One God and no more
- 1 This is what God said to the people of Israel.1
- 2 “I am the LORD, your God. I led you out of Egypt, where you were slaves.
- 3 You can’t have any gods but me.
- 4 You can’t create idols in any form, whether it’s an image of something from the sky, earth, or water.
- 5 You can’t worship idols or bow to them. I’m your God. I’m the LORD, and I’m a passionate God who lets the consequences of a person’s sin affect several generations.
- 6 But I’ll express my love for a thousand generations to those who honor my laws.
- 7 You can’t trash the name of the LORD, your God. The LORD won’t give you a free pass to demean his name.
- 8 Reserve the Sabbath2 day for the LORD.3
- 9 You have six days to work.
- 10 But the seventh day belongs to the LORD, your God. This is a day off for everyone: you, your children, your workers, your guests, and your livestock. No one should work.
- 11 The LORD worked for six days creating the sky, the earth, and the sea, along with everything in them. On the seventh day, he rested. That’s why the LORD honors the Sabbath and reserves it as a sacred day.
- 12 Treat your parents with respect so you can live a good long time in the land the LORD your God is giving you.4
- 13 No killing5 people.
- 14 No adultery.
- 15 No stealing.
- 16 No lying about others.
- 17 Don’t crave what belongs to someone else. Not your neighbor’s house, wife, worker, cow, donkey, or anything else.”
Smoke on the mountain
- 18 At the sight and sounds of lightning, thunder, and a blaring ram’s horn, the Israelites trembled in terror as they stood a distance from the smoking mountain.
- 19 They told Moses, “Please, we don’t want God to talk to us anymore. We’re afraid we’ll die. You tell us what he says and we’ll listen to you.”
- 20 But Moses answered, “Come on now, don’t be afraid. God is doing this to teach you to take him seriously and to respect him so you won’t sin.”
- 21 Moses walked toward the dense cloud where God was. The people of Israel kept their distance.6
Make altars of natural stone
- 22 The LORD told Moses:
I want you to give this message to the people of Israel:
With your own eyes, you watched me talk to you from the sky.
- 23 Don’t make gods out of silver or gold.
- 24 When you sacrifice your sheep or cattle in a burnt offering7 or a peace offering,8 do it on an altar made from objects you find on the ground. Wherever you honor me like this, I’ll come to you and bless you with kindness.
- 25 If you make an altar out of stones, don’t chisel the stones. That would desecrate them. The stones should be natural, not handmade.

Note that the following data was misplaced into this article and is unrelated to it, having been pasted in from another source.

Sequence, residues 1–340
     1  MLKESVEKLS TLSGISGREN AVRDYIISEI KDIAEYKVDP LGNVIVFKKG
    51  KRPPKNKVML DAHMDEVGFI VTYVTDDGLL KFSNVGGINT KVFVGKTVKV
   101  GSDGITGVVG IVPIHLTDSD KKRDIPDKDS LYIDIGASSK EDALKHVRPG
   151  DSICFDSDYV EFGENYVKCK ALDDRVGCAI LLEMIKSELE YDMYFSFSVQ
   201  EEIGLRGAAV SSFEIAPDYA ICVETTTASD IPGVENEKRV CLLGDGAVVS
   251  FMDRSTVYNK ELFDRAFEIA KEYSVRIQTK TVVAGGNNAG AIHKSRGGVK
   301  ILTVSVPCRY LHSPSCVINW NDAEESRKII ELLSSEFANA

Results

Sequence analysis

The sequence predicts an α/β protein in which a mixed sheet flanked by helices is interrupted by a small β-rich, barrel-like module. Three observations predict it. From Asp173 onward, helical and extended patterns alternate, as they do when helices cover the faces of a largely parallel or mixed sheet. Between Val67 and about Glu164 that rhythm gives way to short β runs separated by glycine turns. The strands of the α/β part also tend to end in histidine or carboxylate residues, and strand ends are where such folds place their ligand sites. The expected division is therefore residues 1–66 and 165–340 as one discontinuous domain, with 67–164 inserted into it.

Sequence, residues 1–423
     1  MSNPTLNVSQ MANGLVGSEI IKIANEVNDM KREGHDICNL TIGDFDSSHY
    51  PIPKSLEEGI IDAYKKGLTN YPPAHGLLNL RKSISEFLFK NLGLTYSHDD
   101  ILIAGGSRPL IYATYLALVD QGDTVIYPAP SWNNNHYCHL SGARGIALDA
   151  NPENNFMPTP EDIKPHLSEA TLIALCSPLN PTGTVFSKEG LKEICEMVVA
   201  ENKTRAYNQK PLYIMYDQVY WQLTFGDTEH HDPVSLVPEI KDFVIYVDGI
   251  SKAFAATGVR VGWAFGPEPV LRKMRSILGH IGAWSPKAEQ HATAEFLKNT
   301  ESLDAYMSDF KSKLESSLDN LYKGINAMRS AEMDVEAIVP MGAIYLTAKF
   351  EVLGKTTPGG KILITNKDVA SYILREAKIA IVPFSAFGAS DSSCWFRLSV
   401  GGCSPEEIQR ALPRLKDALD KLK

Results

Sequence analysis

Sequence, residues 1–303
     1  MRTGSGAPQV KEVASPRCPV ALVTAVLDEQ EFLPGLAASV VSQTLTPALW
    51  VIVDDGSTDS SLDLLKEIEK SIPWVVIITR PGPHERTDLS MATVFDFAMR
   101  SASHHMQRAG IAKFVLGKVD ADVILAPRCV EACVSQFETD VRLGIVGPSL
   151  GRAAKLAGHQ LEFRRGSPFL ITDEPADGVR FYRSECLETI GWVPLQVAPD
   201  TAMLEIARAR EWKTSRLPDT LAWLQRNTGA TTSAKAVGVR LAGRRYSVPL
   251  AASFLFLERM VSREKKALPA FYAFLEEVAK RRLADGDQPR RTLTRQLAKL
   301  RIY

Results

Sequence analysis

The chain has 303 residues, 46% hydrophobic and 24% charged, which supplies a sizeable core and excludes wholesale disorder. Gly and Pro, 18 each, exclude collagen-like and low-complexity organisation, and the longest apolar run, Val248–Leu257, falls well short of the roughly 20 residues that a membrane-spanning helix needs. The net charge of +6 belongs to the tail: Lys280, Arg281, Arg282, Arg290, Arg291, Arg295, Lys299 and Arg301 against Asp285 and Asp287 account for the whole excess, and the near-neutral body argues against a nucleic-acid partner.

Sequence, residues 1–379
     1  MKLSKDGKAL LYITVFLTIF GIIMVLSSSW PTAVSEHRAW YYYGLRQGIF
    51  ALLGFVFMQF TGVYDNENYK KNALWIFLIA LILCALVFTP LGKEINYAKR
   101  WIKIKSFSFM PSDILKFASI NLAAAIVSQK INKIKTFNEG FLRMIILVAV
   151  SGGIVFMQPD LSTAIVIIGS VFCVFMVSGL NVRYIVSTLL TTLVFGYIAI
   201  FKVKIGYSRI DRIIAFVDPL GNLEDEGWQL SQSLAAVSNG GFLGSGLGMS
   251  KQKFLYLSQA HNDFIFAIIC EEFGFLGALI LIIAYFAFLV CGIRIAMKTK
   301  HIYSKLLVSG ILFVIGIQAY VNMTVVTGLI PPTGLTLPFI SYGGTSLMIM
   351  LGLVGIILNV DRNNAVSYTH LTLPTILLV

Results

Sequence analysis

- 26 Don’t walk up the steps of an altar. If you do, people can look up and see what you look like under your clothes.
The Hebrew text doesn’t actually say who God was talking to: Moses or the crowd. Most scholars seem to teach that God was talking to the crowd he had ordered to gather at the base of Mount Sinai to meet with him. Exodus 20:22 seems to confirm this. God’s speech to them ends as it began: with the people watching a frightening event with thunder and lightning and the blare of a ram’s horn (Exodus 19:16-19; 20:18). Some scholars say God’s speech in Exodus 20 makes most sense if we jump from 19:19 to 20:1. That transition, they say, makes it easier to follow. What comes between is a repetition of instructions God had given earlier and that had been carried out, repeated here for emphasis.
Jews observe the Sabbath from sundown Friday night through sundown Saturday. Most Christians worship on Sunday, the day of the week Jesus rose from the dead.
More literally, treat the Sabbath as “holy.” People or objects such as worship center utensils are considered “holy” when they are devoted to God, and reserved for his use or purpose. Christian writers such as Paul said the death and resurrection of Jesus, “marks the end of Jewish Law. Rules the Jews observed are now obsolete” (Ephesians 2:15). See also Hebrews 8:7-13, which ends with this statement about a new agreement God made with humanity, through the ministry of Jesus: “It replaced the old agreement, which became obsolete and is already on the verge of disappearing.” The writers don’t argue that the most basic laws are obsolete, such as the Ten Commandments. Instead, they’re talking about laws that set Jews apart from others, such as laws about circumcision and kosher food. Under the new agreement, the New Testament, there’s no difference: “We’re not Jews or non-Jews. We’re not slaves or free folk. We’re not men or women. We’re one people, united in Jesus, the Messiah” (Galatians 3:28).
This might make more sense after reading Exodus 21:17. It was a capital offense to disrespect parents.
The original Hebrew word, rasah, can also mean: murder, execute, or commit unintentional manslaughter.
This is the last time God ever speaks directly to the people in the Old Testament. From here on he speaks only through prophets.
This was the most common animal sacrifice. Worshipers burned the entire animal. See Leviticus 1.
A peace offering, described in Leviticus 3, is one of several prescribed offerings in Jewish tradition. When Jewish people wanted to give thanks to God for something, such as good health or safety, they would sacrifice a sheep, goat, cow, or bull. They would burn part of the animal, including the kidneys and fat covering the intestines. They would eat the rest in celebration, often with family and friends. It takes a fair number of hungry people to eat a cow. But people were eager to eat meat because it was rare in Bible times for common folks to eat meat, many Bible scholars say.